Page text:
Second, social explanations that we hear from other people are more believable. That is, explanations couched in terms of people and their interactions just feel right. When we hear about characters with desires, it resonates with something deep within us. For example, in an economic downturn, an explanation that places blame on a few people can be more believable than an explanation involving chaotic market fluctuations, because it is natural for us to see things happening as a result of human action. When soldiers torture, we find blaming a few bad eggs more satisfying than examining systemic problems that encourage certain behaviors.
According to social compellingness theory, we perceive people where there are no people and we prefer social explanations. So, how does social compellingness affect our love for the visual arts?
My friend Daniel Thompson is an artists' model. He poses so people can sketch him. For a while he brought his dog Phoebe along with him. He said the artists liked that; they would sometimes sketch Phoebe "as a palette cleanser" or might sketch the dog after they sketched him. But they never opted to sketch only his dog.
An art historian told me once that if you look across the arts of different ages and cultures, you find no common characteristics. I countered that nearly all of them feature representations of people, especially people's faces. If you walk through any art museum, the proportion of works featuring images of people is remarkable. Why should our species get such better coverage than dogs? Social compellingness theory predicts that we are very interested in people and the relationships between them. People like pictures of people and find them more memorable. For the visual arts, this means lots and lots of pictures and sculptures of human beings. Ptarmigans do not pay commissions. It would be a very different world if they did.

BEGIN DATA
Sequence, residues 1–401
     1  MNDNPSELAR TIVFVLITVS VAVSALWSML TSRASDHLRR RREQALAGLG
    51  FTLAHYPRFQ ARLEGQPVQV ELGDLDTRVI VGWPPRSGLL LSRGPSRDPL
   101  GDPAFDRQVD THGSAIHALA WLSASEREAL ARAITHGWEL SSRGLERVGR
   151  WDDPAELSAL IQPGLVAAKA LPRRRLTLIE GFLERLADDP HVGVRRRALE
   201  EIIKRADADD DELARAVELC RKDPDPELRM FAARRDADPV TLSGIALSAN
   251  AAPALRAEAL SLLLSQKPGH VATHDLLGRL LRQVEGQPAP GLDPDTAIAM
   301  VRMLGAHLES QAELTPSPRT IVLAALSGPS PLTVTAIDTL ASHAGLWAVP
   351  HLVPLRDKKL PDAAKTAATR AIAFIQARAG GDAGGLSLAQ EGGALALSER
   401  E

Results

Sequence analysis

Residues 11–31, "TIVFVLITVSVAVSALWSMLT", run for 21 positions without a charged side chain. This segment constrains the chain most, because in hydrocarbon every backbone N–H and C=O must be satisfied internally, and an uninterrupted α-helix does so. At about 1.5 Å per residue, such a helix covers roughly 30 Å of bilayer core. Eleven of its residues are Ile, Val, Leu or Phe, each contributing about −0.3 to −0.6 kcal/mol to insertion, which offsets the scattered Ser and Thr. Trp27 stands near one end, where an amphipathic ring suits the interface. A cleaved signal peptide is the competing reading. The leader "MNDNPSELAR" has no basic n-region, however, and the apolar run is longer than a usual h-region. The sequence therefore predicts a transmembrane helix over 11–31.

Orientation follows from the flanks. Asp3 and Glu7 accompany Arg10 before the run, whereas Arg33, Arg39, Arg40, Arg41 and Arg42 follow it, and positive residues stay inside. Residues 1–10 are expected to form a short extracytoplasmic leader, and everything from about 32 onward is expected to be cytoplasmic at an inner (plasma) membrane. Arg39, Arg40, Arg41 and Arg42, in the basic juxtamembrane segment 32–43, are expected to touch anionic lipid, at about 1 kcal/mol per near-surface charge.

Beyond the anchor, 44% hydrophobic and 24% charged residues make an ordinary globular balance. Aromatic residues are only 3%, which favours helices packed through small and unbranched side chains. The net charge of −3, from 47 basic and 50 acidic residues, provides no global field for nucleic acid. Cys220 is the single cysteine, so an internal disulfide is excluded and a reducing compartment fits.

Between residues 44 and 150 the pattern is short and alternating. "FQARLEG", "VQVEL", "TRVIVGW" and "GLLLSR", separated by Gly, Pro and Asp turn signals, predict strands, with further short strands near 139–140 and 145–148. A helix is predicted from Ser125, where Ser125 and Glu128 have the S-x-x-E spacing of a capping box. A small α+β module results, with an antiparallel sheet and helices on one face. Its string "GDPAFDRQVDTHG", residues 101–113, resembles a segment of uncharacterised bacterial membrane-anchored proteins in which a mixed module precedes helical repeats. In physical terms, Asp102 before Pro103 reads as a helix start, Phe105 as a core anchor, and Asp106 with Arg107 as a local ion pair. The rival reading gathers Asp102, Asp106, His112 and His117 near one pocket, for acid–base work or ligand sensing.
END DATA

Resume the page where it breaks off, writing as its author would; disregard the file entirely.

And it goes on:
Exactly how much do people dominate artistic depictions? I asked Carleton University art history student Rebecca Frerotte to record how many people were depicted in each individual work of art found in a large art history book, Art Past, Art Present. Although I will use the word paintings as shorthand in this discussion, the book contained works of art in various media. Of the 420 paintings in the book, 333 had at least one person depicted. There were over three times as many paintings featuring people, at least for artworks famous enough to be included in an art history book.
We can predict more than this, however. We should see more paintings with low numbers of people in them than high numbers. One reason to expect this is because it's easier to paint one person than groups. This is also true for films, where casting is expensive. Second, the more people present, the harder it is to have a meaningful conversation. As you might have noticed at dinner parties, the maximum group size for a single face-to-face conversation is around five. Assuming people are often attracted to decently sized conversational groups, we would predict that visual works of art would have between one and four people in them (four plus the viewer makes five).